Sure, those behaviors sound kind of whiny when you put it that way, but when you compare it to "wrong color Saab girl," you're practically a saint!
Political Correctness Gone Wrong
Last year, on Cinco de Mayo, five high school students were sent home for wearing "American flag T-shirts." You know, like this one.
It was an outrage. Five kids just happened to come to school wearing Old Navy shirts or something that happened to have the American flag on them somewhere, and they got sent home by a touchy feely principal scared of offending the slightest sensibilities of Hispanic students. What better example of political correctness gone wrong? Headlines and blogs started blaring that it was now illegal to wear American flags in our own country.Well, the five kids didn't show up dressed that way by coincidence, nor was it subtle.
According to some witnesses, the kids were yelling, "We live in America!" during the brunch break. The school had already seen trouble on Cinco de Mayo the year before and had actually asked students ahead of time to not wear flag clothes this year.
OK, you might think, those kids weren't innocent flag wearers who just happened to want to show American patriotism on that day by coincidence, but it's not illegal! It sure isn't! Not only did the kids never face any legal jeopardy, but the school board immediately overturned the principal's decision, so even the school discipline was reversed. So they weren't patriotic kids minding their own business who paid the price, they were jackholes who didn't end up facing any consequences. So don't worry! It is still A-OK to stir shit up and offend people in this country and play innocent. Hopefully people will think less of you, but you won't go to jail!
First Amendment. Love it or leave it.
While the mainstream news mostly deals in overblowing threats to our national identity and freedoms, email forwards and internet urban legends are free to just make up completely fake threats. One of the most treasured classics is the old "FCC Planning To Ban Religious Broadcasting" email forward.
When I first got this forward back in 1996 or something, I was pretty sure it was fake because the woman behind this ban was the obviously fake and badly spelled "Madalyn Murray O'Hair," but it turns out that's the most real thing about the story. Back when this story was invented, which was actually in the 70s, she was actually a notorious atheist activist and a great name to attach to this kind of story for an extra scare.
A truly terrifying figure.
O'Hair has been dead for at least 10 years and not only does that make it difficult for her to be the driving force behind an FCC ban on religious broadcasting, but there was never a ban proposed by anyone to begin with. "Petition 2493," that official sounding case number that makes the email sound so authentic, was a 1974 petition to stop religious institutions from using channels set aside for education, that's it, and even that was turned down in 1975. Despite all that, the story keeps evolving, albeit really slowly, as stories circulated by mostly old people will do, and over the years has worked in Touched By An Angel (they were going to ban it) and the election of Barack Obama (apparently they finally found a replacement to play the part of O'Hair after 34 years).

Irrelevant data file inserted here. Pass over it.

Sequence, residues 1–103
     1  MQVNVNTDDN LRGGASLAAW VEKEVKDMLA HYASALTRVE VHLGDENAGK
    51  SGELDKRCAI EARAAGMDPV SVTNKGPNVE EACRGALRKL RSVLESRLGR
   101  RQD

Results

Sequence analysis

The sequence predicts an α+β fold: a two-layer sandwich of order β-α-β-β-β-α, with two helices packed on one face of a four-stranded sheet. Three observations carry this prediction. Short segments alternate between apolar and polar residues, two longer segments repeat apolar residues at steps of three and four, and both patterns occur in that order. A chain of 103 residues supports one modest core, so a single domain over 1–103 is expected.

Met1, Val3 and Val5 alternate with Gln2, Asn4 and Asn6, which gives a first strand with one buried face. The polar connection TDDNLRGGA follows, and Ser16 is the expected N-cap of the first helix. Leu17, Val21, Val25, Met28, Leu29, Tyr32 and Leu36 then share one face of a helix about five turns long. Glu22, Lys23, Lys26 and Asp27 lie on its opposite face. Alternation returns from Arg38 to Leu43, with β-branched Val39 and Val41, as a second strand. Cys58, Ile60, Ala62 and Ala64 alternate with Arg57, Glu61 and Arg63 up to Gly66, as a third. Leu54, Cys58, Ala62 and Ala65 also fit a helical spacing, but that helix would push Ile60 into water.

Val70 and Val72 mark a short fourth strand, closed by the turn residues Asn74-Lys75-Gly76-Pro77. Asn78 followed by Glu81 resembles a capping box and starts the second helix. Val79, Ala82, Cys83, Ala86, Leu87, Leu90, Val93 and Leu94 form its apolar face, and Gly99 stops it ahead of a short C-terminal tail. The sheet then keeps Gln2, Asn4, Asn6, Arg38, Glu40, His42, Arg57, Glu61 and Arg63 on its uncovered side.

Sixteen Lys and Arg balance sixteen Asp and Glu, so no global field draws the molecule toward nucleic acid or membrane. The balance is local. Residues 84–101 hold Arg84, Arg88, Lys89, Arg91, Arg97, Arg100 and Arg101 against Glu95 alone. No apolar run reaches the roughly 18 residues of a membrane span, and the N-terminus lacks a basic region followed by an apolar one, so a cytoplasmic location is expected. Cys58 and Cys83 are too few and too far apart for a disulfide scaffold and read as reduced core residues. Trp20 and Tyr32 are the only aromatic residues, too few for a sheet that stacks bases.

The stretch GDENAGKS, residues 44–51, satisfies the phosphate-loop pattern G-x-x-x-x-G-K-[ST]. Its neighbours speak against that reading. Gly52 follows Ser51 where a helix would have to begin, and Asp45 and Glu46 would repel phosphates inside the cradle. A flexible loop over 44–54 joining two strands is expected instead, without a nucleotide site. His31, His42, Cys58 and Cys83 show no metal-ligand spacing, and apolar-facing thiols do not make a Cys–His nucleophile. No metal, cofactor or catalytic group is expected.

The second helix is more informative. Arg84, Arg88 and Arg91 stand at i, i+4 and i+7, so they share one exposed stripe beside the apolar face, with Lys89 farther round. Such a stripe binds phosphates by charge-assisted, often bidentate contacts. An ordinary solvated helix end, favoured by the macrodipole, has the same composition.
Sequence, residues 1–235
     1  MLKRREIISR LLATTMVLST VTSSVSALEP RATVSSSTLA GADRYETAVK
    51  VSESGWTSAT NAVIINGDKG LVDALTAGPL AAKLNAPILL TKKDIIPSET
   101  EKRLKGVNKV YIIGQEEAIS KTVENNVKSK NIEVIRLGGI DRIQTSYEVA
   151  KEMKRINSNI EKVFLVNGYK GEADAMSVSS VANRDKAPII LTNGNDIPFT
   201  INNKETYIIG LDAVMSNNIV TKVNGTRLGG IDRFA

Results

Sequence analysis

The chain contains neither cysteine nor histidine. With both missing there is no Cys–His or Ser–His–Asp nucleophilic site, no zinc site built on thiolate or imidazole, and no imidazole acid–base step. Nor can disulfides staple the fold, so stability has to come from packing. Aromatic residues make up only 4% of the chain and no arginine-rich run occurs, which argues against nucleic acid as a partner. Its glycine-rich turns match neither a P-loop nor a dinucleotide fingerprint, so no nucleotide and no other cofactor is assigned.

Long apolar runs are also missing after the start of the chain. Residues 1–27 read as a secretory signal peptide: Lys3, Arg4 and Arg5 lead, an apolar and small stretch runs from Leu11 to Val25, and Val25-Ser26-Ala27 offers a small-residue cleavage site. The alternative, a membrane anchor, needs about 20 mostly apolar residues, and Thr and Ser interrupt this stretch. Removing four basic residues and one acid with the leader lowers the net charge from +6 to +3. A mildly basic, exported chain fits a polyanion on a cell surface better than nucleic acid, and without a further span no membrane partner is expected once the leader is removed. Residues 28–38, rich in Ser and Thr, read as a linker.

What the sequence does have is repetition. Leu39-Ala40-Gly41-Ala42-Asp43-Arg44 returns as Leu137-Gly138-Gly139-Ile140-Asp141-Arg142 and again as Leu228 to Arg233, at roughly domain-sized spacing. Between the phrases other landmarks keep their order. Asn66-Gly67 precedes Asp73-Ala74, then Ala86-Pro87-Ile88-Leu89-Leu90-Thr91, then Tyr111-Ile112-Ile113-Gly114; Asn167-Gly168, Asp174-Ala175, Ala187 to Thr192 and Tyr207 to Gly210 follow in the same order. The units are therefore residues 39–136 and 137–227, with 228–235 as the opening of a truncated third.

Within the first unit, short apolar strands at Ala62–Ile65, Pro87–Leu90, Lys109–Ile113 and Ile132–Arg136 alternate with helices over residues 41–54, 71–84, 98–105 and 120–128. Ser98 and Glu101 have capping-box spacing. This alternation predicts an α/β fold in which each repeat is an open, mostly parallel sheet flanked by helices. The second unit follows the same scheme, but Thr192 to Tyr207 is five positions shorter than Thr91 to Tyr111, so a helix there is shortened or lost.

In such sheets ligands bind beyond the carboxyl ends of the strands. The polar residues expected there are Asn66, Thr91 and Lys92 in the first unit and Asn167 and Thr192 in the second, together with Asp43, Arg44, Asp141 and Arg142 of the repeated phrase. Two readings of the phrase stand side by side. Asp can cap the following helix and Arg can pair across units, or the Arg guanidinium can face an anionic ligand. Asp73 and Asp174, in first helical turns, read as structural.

Facts be damned, though, people keep circulating it, because they know our freedoms are under attack and our government is a bunch of namby pamby concessionists always taking the side of People Who Aren't Like Us. If we tell our own personal anecdotes about why this is true, like how outraged we are that they are selling taco shells in the supermarket, our stories sound a little lame and petty. That's why we're happy to swallow someone else's extreme, outrageous stories to better justify our sense of persecution, even if they are only minimally plausible.
Everyone Is Trying To Kill Women
A quick browse of Snopes shows a good amount of creative horror stories about new trends in rape, like did you know
"Congratulations, ma'am! We also have some bad news ..."
And it's not just rapists that are after women, it's also tampon companies, that supposedly
Hey, if Tom Brady can do it ...
So a whole bunch of advice and support has sprung up to help women be smart and keep safe -- advice that started out as reasonable, practical tips, like, "Try to avoid walking alone when possible," and "Keep alert to your surroundings." Then they started getting more aggressive, with special women's self-defense classes and suggestions to carry pepper spray or a gun, and then just spiraled into paranoia, with
Are these supposed to be rapists or Batman villains?
Most stories people tell to get attention get scrutinized a bit, at least enough that laughably fake ones won't work. But if the story isn't a self-aggrandizing tale but told out of "concern" to "help your fellow women," people's defenses go down. You don't use the same critical eye you use on a story, because it's not a "story," it's a "helpful tip."Maybe none of these types of stories push your buttons, but everybody's got a weak spot. If you ever run into a news story that gets you physically excited, make sure to take a step back and ask why you want it to be true so bad, and see if it's clouding your judgment. And then clean yourself up.
For more on ridiculous self-defense, check out The 13 Most Irresponsible Self Defense Gadgets Money Can Buy. And get more from Christina in The 5 Biggest Mistakes Women (Like Me!) Make On The Internet.